Our primary goal was to visit Ye Olde Punch Bowl in Marton cum Grafton-the home of Neil Morrissey’s brewpub venture. The omens weren’t good, with cancelled trains and mad dashes from platform to platform. However, eventually we arrived in York. We’d missed our bus connection, so had 40 mins to kill before our next one. A pint was in order, so we headed straight for the Maltings. This small, one-roomed pub was already busy, even though it was barely noon. Rather annoyingly all the tables were marked reserved, leaving the drinkers stood around rather aimlessly-whatever happened to first come, first served? York Guzzler was a good start though, with plenty of flavour for a 3.6% beer. A sign over the bar proclaimed that “all beer can be served without a nozzle.” Really???

A yomp took us to Brigantes. This spacious cafe bar was new to me and I was quite impressed. The frontage allows plenty of light to seep into the front bar area and there are cosy booths in the back room. It’s the kind of bar Manchester could do with and makes the likes of Bar Fringe seem like the poor cousin. Most importantly the beer was good, with Leeds Pale going down very well. A quick check revealed an interesting menu as well. Haddock in Erdinger caught my eye, whilst Eddie was drawn to pan-fried guinea fowl. However, our bus awaited and so we paid our thanks and made our way back to the station.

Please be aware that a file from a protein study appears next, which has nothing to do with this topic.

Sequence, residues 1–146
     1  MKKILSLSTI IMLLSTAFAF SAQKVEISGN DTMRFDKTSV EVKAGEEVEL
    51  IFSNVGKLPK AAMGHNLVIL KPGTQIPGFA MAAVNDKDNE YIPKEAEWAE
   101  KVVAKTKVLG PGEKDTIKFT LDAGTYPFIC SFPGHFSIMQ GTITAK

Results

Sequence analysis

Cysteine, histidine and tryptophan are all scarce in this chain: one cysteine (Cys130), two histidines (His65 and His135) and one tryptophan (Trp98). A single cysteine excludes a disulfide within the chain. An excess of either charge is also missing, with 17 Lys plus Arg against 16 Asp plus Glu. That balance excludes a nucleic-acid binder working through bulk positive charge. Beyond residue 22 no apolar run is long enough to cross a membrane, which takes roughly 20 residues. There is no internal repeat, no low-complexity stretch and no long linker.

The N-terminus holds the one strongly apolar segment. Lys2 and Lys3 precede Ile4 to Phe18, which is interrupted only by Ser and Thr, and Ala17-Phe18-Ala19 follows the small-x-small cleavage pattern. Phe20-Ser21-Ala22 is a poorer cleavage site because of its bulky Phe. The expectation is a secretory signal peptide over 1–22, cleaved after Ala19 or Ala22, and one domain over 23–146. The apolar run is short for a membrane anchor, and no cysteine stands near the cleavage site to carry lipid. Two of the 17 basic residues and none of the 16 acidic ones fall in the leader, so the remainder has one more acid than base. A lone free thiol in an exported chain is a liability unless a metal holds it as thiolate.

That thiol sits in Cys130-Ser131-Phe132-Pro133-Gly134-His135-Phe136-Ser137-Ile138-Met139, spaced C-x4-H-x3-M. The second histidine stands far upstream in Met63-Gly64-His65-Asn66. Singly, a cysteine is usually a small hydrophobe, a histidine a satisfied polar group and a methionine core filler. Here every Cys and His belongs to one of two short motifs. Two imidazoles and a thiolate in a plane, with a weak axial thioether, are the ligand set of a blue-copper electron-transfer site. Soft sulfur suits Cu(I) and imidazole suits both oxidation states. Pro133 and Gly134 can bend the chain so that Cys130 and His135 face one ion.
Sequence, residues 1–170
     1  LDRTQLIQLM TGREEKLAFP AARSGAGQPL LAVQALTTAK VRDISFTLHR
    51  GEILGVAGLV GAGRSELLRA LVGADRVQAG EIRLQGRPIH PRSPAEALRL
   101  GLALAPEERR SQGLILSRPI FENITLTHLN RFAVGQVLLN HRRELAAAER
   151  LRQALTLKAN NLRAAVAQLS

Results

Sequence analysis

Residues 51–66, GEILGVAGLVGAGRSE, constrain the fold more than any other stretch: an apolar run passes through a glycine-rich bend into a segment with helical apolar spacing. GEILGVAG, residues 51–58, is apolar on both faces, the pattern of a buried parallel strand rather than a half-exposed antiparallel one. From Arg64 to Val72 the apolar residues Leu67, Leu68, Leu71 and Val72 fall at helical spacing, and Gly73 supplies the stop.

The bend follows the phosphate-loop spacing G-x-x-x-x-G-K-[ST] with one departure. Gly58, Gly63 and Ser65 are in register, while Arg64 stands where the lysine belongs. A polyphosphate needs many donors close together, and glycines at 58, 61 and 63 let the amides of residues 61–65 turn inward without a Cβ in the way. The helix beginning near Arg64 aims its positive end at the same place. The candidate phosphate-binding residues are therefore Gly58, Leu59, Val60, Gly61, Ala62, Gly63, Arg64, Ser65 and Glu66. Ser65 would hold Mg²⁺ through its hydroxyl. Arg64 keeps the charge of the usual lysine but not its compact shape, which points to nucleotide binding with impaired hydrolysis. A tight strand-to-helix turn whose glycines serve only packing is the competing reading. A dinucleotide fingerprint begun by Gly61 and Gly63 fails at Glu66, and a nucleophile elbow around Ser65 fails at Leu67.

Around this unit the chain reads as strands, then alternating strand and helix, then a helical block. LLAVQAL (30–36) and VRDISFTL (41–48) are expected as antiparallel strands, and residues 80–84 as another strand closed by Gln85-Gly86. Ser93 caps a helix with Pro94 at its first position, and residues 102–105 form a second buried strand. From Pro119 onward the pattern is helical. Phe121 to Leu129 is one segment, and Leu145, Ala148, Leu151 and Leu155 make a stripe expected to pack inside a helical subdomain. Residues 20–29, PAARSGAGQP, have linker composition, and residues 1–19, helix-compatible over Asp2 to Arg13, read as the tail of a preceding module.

The 142 bus makes for an interesting journey, winding up and down country lanes, and through hamlets with names such as Great Ouseburn. Somewhat reminiscent of Lincolnshire, a lot of the landscape is flat, agricultural land. Ye Olde Punch Bowl is on a winding bend and struck us as being much smaller than it appears on TV. Sure enough, the rooms inside were compact with fires in two of them. There is a pleasant outdoor drinking area, and of course there’s the brewery. We poked our round the corner and were promptly invited in by the brewer. A quick chat revealed that they were currently mashing Best Bitter and their seasonal-Mulled Beer. Of course I wanted to ask lots of technical questions, but the best way to assess beer is to swill it, so we proceeded into the pub.